The brainy bunch

the brainy bunch

The brain is the control centre of your child’s body. How can you help your child’s brain to reach its full potential?

Every person carries around with them a grey, wrinkly, yet complex mass of matter that controls every single thing that they will ever do. It allows them to think, learn, create, and experience emotions. It also controls every blink, breath, smile, tear and heartbeat. This incredible mechanism is simply called the brain, and is so amazing that even the world’s greatest scientists have described it to be the most complex thing they have yet discovered in our universe.

a child’s brain

A child is born with 100 billion brain cells (166 times the number of people on the planet) and 50 trillion connections. During the first few months of life, the number of connections multiply by 20. Each brain cell can connect with as many as 15,000 other brain cells. A 3-year-old child has twice as many connections as an adult and if they are not used, they wither away. By the time a child turns 5, 90% of the brain connections will be formed. There will never be a time in children’s lives when the experiences and opportunities they have will be of greater importance than the early childhood years.

Your child has an amazing brain!

early brain development and learning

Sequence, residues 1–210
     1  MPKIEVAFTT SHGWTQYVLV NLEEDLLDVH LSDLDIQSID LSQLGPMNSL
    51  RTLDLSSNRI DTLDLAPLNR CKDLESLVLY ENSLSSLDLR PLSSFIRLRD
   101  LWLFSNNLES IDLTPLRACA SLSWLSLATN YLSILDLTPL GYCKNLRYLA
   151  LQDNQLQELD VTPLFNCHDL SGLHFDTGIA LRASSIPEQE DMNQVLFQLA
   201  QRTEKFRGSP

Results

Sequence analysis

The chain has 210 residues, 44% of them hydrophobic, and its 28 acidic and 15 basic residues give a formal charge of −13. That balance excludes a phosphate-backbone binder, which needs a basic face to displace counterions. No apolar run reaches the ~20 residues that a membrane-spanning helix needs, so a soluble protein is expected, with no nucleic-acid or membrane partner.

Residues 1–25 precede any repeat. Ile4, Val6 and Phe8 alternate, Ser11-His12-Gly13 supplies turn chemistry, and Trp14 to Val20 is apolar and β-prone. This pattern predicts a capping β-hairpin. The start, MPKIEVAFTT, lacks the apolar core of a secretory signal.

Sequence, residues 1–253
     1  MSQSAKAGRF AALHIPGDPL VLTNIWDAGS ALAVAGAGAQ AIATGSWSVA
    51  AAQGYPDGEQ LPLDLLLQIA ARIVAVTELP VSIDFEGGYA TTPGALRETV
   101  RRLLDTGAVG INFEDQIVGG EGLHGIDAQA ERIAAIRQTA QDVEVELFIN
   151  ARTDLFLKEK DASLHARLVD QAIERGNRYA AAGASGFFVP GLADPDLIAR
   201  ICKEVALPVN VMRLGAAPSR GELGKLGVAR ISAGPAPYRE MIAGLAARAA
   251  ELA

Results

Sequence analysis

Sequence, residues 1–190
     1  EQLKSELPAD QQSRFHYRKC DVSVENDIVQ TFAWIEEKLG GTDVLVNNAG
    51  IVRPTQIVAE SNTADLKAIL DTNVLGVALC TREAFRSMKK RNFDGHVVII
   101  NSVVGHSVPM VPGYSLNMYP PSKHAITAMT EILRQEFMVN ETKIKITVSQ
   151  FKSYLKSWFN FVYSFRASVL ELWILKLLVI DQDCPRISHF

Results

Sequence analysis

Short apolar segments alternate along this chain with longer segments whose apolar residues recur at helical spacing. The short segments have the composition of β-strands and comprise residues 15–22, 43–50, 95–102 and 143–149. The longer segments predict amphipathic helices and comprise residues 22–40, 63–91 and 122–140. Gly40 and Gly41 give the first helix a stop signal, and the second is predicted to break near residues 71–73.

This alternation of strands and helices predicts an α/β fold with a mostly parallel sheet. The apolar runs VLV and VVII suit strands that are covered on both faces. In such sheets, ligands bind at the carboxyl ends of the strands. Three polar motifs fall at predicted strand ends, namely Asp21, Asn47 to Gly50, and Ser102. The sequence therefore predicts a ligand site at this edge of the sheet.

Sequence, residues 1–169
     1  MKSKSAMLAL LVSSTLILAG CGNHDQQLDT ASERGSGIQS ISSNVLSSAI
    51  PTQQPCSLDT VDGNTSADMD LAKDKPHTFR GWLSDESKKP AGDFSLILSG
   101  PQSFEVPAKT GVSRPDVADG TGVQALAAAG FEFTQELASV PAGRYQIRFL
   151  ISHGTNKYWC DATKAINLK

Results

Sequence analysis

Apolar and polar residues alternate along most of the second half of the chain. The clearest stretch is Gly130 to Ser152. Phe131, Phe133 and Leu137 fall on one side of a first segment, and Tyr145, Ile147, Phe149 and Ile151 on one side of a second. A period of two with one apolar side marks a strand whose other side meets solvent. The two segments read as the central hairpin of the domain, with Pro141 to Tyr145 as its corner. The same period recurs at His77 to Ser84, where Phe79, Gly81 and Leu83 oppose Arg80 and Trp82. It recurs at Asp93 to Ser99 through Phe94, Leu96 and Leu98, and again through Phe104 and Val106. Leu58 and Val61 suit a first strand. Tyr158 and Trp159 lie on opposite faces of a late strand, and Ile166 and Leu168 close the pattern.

Early childhood experiences impact and determine how the brain develops. Early sensory experiences create new connections between brain cells, and repetition of these experiences strengthen them. The number of brain cell connections increase or decrease, depending on the environment and the experiences that a child is exposed to. Children continue to learn throughout life, but they do not conquer new skills or recover from stumbling blocks as quickly and easily as in their early years. It is therefore important to provide children with the best opportunities for learning and growth during the early years when their minds are most prepared to absorb new information.

how to stimulate children’s brain development

Children need to be exposed to a continuous stream of new information and experiences that are challenging and allow them to extend their thinking and understanding. They should experience a variety of approaches to learning, as well as opportunities to interact with different types of learning media.